Montoya and the 2016 Le Mans 24 Hours


There may be flecks of grey in that famous black bob of hair, but the boyish passion for motor sport still bubbles through. Juan Pablo Montoya can’t hide his enthusiasm for the latest racing machine he’s been driving in a long career in which he really has done a bit of everything.

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The passion that he has brought to his racing in the junior single-seater ranks, CART, Formula 1, NASCAR and now IndyCar is there for everyone to see as he samples Porsche’s World Endurance Championship winner, the 919 Hybrid. It is evident when he talks about the high-tech racer, it’s evident when you watch him on the track and it’s evident, perhaps most pertinently, on the stopwatch.

“One hell of a toy” is how the winner of seven Grands Prix describes the Porsche after a couple of short runs on the morning of the official WEC rookie test in Bahrain the day after Mark Webber, Timo Bernhard and Brendon Hartley sealed the drivers’ title in this very same car.

“First impressions of the car are that it is amazing,” says a driver who turned 40 in September. “It is a lot of fun: it has a lot of power and is really stable. It is shocking because it is so good that it is actually, in a way, kind of easy.”

So easy that Montoya admits that he is overdriving.

“It is so predictable that it invites you to hustle the hell out of it,” he explains. “That is the biggest thing for me: I need to figure out the balance between driving it fast and overdriving.”

And figure it out he does. Montoya gets more laps in the afternoon and then a one-lap qualification simulation. Bang! He posts a a 1m40.861s right at the end of the five-hour test.

That’s just over a second slower than Bernhard’s best lap from qualifying, but the conditions for Montoya probably aren’t quite so good. The sun isn’t going down and the wind is stronger.

This is a proper test for Montoya. There may be PR value in it for Porsche, but he’s being given a similar programme to Kevin Magnussen, Oliver Turvey and Mitch Evans, who is also taking part in the rookie test, during an evaluation test at Barcelona earlier in the month.

That means he’s been on the simulator back at Porsche Motorsport HQ in Weissach, he’s been given a copy of the 919 driving manual – ”it was kind of shocking when they gave me 30 pages on how to drive the car” – and he goes through a planned programme of acclimatisation, a race run and then that qualifying simulation.

But Montoya reckons “it’s all about enjoying the car”. He does have friends within Porsche. In fact, he owes this test to his relationship with Porsche LMP1 vice-president Fritz Enzinger and team principal Andreas Seidl from his days at the Williams BMW Formula 1 squad in the early 2000s. But he’s not a contender to drive next year in the third 919 Hybrid at the Le Mans 24 Hours.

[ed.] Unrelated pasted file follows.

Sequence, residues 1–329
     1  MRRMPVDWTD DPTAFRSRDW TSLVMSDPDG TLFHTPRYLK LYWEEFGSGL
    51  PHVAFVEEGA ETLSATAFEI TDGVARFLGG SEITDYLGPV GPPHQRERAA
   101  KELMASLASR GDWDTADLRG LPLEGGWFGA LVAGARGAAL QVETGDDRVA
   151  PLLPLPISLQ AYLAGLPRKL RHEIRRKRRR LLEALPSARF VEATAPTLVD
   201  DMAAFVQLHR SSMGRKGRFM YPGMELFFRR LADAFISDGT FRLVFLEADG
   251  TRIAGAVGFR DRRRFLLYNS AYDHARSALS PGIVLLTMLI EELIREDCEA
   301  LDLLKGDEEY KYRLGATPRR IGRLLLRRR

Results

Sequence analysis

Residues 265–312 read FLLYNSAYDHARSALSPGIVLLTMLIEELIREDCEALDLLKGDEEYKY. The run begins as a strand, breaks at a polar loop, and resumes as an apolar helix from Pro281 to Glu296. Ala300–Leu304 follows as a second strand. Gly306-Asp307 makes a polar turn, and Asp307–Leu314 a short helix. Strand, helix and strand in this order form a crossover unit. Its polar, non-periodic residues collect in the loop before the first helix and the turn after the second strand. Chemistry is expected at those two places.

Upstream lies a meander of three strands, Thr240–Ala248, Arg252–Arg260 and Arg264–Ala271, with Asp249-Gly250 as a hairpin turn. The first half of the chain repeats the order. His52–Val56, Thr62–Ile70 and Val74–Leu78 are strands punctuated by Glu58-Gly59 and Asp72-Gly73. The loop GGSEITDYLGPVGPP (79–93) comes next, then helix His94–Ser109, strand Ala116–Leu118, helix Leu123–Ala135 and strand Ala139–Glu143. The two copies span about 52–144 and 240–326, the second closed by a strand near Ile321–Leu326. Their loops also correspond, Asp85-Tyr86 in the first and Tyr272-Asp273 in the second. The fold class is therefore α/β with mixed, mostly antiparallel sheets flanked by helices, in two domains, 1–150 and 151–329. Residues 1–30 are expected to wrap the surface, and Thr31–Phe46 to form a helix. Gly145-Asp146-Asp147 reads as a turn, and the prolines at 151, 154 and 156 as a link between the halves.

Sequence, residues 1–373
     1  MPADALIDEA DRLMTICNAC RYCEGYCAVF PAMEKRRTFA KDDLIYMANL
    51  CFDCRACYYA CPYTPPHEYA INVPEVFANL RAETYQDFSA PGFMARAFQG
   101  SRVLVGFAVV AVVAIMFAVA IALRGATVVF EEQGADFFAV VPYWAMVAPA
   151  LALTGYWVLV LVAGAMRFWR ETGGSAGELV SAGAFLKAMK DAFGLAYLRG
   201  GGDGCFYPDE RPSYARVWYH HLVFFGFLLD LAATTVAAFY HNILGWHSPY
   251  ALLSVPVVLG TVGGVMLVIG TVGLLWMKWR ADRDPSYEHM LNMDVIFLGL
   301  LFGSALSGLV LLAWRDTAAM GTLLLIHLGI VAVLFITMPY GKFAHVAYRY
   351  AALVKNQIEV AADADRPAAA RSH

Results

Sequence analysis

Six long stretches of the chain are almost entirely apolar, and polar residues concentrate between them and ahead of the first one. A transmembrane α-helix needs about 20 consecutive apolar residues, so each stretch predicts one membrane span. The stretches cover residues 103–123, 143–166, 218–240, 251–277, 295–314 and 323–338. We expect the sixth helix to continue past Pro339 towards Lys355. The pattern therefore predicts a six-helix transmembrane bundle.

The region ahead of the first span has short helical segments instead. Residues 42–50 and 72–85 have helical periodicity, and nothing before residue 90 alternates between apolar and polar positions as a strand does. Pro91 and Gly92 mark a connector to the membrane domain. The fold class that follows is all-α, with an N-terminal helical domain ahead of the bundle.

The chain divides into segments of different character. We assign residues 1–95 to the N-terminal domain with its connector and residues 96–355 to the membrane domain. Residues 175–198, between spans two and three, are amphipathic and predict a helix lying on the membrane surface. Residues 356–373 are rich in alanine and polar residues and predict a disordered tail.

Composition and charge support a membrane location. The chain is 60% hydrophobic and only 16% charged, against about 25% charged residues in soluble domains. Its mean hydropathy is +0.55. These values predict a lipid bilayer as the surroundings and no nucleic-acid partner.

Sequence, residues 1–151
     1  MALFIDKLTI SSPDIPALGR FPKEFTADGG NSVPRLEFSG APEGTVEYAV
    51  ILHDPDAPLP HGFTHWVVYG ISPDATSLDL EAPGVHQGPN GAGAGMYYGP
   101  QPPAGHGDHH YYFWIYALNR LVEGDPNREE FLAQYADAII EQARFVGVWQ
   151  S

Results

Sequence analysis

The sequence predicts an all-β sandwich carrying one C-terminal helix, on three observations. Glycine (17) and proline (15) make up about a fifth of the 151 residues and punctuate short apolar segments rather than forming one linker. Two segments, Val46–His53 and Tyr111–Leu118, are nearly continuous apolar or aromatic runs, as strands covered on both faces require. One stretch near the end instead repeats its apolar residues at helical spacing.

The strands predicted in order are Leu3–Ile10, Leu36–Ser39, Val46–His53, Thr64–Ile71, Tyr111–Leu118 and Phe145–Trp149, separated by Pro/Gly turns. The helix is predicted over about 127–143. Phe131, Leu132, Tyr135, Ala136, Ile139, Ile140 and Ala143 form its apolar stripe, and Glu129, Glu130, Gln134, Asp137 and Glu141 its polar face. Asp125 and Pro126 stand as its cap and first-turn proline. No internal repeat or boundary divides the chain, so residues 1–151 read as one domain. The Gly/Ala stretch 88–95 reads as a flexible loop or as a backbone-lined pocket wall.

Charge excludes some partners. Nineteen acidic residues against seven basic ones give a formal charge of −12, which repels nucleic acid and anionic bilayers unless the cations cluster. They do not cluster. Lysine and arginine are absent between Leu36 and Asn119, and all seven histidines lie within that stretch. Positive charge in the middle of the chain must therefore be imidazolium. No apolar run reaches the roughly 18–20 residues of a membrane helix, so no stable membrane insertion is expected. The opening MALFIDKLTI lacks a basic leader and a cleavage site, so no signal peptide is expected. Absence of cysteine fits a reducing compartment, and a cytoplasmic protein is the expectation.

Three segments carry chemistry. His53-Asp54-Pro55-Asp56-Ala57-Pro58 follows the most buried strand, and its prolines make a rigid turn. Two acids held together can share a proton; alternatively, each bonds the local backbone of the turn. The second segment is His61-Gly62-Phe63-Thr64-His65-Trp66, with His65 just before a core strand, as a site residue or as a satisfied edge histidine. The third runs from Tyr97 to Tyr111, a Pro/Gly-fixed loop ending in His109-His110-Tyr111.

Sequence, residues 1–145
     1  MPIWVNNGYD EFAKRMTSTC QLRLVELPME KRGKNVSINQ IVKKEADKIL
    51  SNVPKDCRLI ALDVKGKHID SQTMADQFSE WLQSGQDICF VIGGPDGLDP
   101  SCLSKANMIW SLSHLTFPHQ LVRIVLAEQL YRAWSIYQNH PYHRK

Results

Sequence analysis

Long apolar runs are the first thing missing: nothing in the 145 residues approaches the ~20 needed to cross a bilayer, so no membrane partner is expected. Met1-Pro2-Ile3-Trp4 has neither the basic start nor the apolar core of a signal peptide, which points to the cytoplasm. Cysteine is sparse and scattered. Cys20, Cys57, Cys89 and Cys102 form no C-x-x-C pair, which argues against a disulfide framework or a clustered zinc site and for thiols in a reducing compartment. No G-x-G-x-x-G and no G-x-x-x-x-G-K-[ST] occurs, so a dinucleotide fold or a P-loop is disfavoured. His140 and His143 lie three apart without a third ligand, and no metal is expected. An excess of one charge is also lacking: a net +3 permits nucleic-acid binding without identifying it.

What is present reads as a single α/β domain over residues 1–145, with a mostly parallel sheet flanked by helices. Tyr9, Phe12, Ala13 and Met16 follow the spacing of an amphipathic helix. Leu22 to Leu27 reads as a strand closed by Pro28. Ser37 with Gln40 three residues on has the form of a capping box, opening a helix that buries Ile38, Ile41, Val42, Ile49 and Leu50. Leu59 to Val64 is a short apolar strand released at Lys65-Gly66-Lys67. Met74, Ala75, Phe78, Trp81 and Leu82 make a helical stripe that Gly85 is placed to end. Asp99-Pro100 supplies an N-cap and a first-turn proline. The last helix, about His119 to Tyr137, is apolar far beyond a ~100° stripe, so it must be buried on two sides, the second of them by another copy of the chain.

There may or may not be a vacancy in the third car. Whether Force India driver Nico Hulkenberg defends his Le Mans crown together with Nick Tandy and Earl Bamber depends on the F1 calendar and the avoidance of the cynical clash between the new Azerbaijan Grand Prix with the French enduro. But Montoya isn’t going to get that hypothetical spot.

“We haven’t even talked about Le Mans,” says Montoya. “A lot of people are making assumptions, but really we haven’t.”

The Colombian is going to be a bit busy in the run-up to Le Mans next year. He wouldn’t, for example, be able to do the Test Day two weeks before the race. It’s no longer mandatory for him as a rookie to do the test, but Porsche certainly doesn’t like the idea of throwing a driver into the deep end at the big race. It hung its hat on giving each of its three cars an identical chance in the 24 Hours this year, and it paid dividends.

There’s also the matter of his on-going contract with Penske. It isn’t clear if he would be free to do the race under its terms. So Le Mans, right now, remains something for the future for Monotya.

“At some point it would be cool to do it,” he says. “I’ve raced everything, so it would be a cool experience.

“But if you are going to do Le Mans, it has got to be in a car like this. I’m not interested in doing it in a GT or a smaller car [he’s talking about an LMP2 prototype].”

There is, for Montoya, the little matter of winning.

“At this point in my career I race because I love it,” he explains. “I don’t need to be racing, but I love racing and I like to win. I want to beat everyone. That’s it, simple.”

Perhaps Porsche might one day give Montoya a shot at emulating Graham Hill by completing the unofficial triple crown of victories at the Monaco Grand Prix, the Indy 500 and the Le Mans 24 Hours.

“Let’s do the test,” says Seidl, “and see for the future.”

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